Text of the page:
2.) Every Hawaiian island is extremely different. I live on the Big Island, where local farmers thrive, aloha is prevalent most anywhere you go, and the population is small compared to the size of the island (about the size of Connecticut.) images-16Oahu contains the hectic city of Honolulu, home to the second worst traffic in the country as well as some of the best surfing on the planet. Maui is populated with beautiful resorts and beaches and offers breathtaking sunsets from the top of it’s dormant volcano, Haleakala. Kauai is the second oldest Hawaiian island, and it’s lush jungle is some of the most beautiful you’ll ever see if you take the time to visit. Molokai and Lanai are both within ferry distance from Maui, and with the highest sea cliffs in the world and pineapple farms galore, they are less visited but equally as beautiful. If you are moving here, or visiting here, your needs and your wants can help you pick which island to see. I am happy to answer any questions you may have about the Big Island, and I’ll do my best to help you navigate the other islands if I can.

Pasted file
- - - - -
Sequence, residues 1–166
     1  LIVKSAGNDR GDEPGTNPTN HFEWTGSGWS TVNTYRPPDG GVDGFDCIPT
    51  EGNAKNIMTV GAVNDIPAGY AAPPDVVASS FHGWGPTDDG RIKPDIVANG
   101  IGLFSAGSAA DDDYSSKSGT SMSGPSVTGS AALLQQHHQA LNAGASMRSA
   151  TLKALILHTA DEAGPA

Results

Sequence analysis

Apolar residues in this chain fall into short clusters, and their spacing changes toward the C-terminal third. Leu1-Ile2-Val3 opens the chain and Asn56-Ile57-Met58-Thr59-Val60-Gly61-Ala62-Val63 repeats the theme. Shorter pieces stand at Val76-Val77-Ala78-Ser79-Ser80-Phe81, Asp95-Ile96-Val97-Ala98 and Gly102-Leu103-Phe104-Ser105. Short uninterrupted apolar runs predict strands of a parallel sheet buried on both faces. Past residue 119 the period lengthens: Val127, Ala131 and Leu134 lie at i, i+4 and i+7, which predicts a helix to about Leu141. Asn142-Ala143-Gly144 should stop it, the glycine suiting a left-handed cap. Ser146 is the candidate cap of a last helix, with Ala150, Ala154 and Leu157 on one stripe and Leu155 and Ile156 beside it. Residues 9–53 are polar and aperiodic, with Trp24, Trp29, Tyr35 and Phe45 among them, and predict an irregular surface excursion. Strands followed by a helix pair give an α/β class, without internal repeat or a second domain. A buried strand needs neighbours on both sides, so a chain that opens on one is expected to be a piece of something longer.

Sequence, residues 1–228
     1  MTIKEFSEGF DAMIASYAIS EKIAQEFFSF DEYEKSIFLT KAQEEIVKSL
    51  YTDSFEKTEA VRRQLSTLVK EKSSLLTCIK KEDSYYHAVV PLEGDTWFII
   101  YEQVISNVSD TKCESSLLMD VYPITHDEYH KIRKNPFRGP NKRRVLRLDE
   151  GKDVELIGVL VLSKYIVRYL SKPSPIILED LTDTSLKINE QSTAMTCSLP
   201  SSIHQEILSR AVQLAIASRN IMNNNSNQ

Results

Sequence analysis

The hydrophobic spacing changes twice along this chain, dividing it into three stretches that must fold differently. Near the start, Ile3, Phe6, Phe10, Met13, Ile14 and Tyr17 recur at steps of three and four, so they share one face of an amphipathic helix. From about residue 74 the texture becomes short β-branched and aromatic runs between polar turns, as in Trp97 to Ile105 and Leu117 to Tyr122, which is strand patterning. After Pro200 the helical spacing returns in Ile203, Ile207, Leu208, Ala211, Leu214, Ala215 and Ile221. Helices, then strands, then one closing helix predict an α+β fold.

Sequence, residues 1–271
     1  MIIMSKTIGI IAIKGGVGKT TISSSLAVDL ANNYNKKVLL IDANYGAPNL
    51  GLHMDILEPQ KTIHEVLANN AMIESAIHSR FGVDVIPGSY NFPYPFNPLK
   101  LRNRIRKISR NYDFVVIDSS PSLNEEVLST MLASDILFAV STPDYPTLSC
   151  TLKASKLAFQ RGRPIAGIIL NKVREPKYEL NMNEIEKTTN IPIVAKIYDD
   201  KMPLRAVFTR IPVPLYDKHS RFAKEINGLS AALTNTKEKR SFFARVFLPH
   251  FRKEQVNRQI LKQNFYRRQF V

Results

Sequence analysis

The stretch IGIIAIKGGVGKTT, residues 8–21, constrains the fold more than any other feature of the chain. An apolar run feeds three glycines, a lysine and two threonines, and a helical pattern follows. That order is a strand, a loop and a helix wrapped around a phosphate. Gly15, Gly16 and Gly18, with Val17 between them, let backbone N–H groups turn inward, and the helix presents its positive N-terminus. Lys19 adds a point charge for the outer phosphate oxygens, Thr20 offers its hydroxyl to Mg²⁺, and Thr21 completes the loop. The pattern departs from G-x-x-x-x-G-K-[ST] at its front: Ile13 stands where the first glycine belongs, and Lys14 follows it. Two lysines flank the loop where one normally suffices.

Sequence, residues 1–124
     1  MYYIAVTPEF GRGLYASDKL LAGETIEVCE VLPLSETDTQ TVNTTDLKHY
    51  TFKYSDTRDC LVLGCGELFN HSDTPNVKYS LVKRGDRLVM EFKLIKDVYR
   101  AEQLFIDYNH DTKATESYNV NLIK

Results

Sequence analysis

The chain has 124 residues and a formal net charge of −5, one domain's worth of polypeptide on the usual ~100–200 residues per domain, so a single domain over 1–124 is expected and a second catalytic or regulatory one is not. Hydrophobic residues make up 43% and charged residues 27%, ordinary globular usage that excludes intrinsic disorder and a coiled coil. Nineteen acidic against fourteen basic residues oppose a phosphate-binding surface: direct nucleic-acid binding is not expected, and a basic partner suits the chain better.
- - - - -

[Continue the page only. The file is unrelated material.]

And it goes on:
3) Hawaii is not a third world country. Although not every Hawaiian is pleased about it, we are an actual state in the fifty United States of America. We speak English here. We have a Target and a Wal-Mart and even though I hate shopping corporate, Costco is our best friend. We drive on the right side of the road, and we eat hot dogs, and we have a regular education system, although the amount of homework these kids go home with is absolutely ridiculous. images-17Do we sometimes eat different things than on the mainland? Absolutely. Do we have strange animals and bigger, scarier bugs? Unfortunately yes. We also respect the land here way more than people on the mainland do. There is rarely litter, we’ve banned GMO’s, and we support local farmers more than I’ve ever experienced in any continental U.S. state. There is an entire “aloha grown” movement supporting the backyard revolution and local crops. It is amazing and inspiring and gives me hope that this world is slowly moving back towards what has kept us alive for thousands of years – farming and growing our food, instead of processing and genetically modifying it. If anything, when it comes to agriculture, we’re more advanced than the rest of the U.S., and by no means less “civilized”.